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In NYC: Stomping Grounds

I don’t remember being here, yet nothing ever changes here. I’ve spent almost four weeks staying with friends in New York City; it’s almost as if I’ve already moved and settled in. So much has changed in the four-and-a-half years that I’ve been away. Funky neighborhoods have become Establishment while former slums have become exclusive. It’s hard to realize that this is my home.

In NYC: GLYNYing Again

So I’m GLYNYing again. This past spring, I chronicled the sudden and miraculous Internet reunion of my 1980s cohort of Gay and Lesbian Youth of New York (GLYNY, pronounced ‘GLIH-nee’). The nation’s first-ever gay youth peer support group, GLYNY was founded in New York City in 1969 as a splinter cell of the historic Gay Liberation Front. Back in the day, the group and I were inseparable.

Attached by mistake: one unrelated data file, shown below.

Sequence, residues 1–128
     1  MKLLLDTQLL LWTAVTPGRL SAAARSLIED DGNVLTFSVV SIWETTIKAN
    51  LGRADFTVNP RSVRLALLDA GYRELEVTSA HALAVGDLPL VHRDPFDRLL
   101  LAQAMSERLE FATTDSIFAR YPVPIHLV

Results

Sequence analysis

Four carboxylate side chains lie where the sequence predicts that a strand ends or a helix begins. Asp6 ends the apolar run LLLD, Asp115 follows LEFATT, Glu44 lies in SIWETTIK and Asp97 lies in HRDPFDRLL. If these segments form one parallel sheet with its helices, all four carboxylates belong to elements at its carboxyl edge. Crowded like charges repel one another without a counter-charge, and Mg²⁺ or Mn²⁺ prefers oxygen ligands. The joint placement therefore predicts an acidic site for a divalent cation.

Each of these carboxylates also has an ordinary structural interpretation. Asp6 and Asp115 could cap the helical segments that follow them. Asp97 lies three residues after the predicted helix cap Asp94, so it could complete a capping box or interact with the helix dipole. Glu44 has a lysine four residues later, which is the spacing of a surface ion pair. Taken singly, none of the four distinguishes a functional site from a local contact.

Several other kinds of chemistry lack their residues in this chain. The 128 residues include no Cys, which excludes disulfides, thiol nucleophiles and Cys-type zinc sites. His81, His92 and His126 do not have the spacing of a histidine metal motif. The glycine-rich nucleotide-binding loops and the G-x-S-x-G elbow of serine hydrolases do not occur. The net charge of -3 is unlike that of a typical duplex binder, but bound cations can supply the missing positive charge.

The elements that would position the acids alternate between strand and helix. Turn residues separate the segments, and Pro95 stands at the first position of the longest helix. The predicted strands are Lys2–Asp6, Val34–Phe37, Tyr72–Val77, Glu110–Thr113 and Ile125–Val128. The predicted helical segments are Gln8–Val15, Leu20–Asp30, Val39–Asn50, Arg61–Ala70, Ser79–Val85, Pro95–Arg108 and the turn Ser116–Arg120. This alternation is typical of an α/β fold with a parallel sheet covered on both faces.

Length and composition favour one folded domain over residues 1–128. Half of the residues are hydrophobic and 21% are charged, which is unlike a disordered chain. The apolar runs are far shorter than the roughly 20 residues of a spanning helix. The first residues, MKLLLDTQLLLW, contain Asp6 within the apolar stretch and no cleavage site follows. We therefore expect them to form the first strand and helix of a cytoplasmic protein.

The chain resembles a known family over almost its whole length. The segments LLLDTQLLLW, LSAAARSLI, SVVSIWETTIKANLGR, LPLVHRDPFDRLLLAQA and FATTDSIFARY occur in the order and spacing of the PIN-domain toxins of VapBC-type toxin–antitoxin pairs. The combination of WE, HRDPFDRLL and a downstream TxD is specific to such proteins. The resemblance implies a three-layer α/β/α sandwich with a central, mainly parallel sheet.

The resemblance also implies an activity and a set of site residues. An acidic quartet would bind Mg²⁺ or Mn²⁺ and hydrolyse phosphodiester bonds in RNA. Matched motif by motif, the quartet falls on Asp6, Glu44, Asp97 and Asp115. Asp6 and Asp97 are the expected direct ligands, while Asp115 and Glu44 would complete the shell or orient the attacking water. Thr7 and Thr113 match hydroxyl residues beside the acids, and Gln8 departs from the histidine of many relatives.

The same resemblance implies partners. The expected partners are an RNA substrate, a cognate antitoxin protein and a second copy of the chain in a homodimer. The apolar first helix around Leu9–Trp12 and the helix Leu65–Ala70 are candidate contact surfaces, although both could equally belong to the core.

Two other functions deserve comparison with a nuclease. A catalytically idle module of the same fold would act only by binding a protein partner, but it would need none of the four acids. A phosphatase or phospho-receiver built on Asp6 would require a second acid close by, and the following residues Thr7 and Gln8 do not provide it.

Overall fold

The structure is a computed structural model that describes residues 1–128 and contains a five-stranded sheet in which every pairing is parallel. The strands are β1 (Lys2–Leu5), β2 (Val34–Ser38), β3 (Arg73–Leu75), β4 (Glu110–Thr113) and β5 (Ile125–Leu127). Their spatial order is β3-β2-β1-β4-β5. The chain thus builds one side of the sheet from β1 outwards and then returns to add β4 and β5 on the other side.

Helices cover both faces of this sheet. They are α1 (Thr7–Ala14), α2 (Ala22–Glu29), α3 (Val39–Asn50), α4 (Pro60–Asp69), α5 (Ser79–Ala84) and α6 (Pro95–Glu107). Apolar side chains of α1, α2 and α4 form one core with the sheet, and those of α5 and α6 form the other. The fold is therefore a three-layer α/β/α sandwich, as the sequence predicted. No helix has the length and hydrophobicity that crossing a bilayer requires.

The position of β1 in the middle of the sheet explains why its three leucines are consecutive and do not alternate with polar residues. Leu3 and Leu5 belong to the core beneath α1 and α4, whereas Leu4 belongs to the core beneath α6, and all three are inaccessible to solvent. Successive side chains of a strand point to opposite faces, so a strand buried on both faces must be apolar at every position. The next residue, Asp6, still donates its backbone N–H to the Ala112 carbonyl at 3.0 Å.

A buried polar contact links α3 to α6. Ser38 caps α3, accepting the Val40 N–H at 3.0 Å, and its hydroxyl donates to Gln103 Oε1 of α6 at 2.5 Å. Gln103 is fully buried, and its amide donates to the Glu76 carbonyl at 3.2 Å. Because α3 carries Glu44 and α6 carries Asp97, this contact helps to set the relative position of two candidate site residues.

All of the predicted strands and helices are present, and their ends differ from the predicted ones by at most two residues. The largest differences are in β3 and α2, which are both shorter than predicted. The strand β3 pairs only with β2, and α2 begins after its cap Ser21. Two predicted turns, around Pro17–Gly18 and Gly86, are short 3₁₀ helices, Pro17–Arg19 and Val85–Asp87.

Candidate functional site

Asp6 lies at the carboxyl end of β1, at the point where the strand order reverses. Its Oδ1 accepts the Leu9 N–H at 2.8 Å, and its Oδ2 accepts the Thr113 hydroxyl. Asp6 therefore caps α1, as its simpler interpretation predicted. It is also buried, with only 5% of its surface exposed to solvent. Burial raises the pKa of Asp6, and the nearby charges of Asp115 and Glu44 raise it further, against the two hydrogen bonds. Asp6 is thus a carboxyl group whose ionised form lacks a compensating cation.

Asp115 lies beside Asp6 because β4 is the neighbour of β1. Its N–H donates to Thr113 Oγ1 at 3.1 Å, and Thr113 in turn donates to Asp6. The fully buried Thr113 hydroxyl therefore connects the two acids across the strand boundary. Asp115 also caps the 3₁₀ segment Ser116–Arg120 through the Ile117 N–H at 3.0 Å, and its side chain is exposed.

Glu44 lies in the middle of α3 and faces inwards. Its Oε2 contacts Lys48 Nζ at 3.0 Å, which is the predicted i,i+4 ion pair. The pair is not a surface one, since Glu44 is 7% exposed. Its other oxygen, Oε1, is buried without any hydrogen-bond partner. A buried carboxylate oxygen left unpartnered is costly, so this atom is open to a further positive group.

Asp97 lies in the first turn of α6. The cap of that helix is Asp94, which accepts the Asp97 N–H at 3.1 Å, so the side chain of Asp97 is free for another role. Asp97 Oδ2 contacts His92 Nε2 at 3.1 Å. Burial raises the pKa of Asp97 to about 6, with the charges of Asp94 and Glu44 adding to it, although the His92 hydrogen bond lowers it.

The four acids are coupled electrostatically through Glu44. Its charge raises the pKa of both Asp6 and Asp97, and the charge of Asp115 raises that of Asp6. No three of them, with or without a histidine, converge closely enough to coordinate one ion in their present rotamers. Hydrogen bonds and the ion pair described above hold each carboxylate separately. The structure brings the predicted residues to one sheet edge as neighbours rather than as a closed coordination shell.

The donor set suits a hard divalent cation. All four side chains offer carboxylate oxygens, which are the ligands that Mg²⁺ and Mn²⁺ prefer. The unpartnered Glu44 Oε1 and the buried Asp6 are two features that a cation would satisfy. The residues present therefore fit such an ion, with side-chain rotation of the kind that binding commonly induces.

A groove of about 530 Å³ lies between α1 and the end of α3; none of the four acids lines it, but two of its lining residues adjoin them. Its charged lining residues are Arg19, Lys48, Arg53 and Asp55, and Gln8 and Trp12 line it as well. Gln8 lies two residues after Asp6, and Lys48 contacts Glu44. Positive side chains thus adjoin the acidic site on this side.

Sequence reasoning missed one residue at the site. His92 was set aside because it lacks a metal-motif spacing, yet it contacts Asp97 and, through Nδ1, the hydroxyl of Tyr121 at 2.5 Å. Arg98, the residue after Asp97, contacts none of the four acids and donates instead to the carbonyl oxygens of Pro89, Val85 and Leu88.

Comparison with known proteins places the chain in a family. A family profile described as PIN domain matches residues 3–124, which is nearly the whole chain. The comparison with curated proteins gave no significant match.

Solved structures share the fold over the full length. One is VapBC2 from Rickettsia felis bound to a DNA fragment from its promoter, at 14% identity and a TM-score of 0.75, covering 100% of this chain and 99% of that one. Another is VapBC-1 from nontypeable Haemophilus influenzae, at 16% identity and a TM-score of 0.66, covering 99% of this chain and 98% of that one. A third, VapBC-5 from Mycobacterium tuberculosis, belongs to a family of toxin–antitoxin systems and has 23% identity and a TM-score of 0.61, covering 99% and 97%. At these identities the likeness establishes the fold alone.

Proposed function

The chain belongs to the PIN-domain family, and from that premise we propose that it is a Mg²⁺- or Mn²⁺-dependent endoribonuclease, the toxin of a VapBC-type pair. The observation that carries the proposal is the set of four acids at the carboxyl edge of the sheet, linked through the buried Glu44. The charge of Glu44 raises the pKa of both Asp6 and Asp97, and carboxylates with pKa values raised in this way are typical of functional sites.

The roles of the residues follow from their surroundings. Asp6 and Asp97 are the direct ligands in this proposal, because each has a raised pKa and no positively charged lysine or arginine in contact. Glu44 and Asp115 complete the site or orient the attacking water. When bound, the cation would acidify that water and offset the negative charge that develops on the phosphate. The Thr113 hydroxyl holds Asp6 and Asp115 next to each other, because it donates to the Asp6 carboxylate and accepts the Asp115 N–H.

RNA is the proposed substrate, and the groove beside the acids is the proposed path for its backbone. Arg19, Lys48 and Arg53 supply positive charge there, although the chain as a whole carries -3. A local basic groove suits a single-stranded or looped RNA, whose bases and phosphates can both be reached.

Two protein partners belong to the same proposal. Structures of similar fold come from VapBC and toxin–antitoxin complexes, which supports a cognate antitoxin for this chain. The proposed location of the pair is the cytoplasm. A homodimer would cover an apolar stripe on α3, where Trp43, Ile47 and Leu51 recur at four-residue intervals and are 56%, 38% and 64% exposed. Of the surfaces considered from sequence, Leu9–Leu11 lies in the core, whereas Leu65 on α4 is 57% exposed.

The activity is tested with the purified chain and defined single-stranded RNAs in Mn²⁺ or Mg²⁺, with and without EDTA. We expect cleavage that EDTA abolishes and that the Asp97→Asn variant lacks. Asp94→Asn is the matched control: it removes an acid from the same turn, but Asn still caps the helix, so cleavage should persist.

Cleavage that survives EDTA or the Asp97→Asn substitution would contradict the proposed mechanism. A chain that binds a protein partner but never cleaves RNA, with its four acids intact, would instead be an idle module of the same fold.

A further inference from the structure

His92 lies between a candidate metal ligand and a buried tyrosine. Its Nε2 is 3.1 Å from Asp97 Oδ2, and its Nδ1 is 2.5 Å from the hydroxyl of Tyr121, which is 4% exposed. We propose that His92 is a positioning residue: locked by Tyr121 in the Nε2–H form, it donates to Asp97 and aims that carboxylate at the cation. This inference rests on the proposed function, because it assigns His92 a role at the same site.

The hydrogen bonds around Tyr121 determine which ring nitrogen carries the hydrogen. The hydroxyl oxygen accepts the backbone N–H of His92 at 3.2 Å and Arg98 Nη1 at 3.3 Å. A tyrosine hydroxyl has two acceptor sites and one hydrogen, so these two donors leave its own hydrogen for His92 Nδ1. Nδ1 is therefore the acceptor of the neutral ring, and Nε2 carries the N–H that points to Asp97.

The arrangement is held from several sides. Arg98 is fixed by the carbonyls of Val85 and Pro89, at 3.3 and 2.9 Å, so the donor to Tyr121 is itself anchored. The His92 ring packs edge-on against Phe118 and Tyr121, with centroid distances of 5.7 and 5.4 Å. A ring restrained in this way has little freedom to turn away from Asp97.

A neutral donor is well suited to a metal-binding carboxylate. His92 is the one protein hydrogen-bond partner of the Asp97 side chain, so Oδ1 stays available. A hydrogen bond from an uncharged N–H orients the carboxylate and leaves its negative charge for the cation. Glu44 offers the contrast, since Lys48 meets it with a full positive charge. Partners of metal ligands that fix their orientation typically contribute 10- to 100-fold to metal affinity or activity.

Right of Return

A few weeks ago, I sat down with my Korean foodie friend, (dammit I don’t look like Margaret Cho) Rozella, on the breakwater at Montrose Harbor and ticked off my personal pros and cons surrounding my impending move back home to New York City. After four-and-a-half years in Hogtown, it wasn’t an easy cost-benefit analysis to do, even for a former urban planner like me.

Everything’s Different Now

I get by with a little help from my friends. Wednesday night, sitting with my fellow GLYNY alums, Peter and Barbara, at the bar at Philip Marie in the West Village, I felt the truth of that. The restaurant is catering our GLYNY 20-year reunion event in November. We had come to check out the rumored-legendary fried green tomatoes. It was the first meal I enjoyed from beginning to end since the breakup.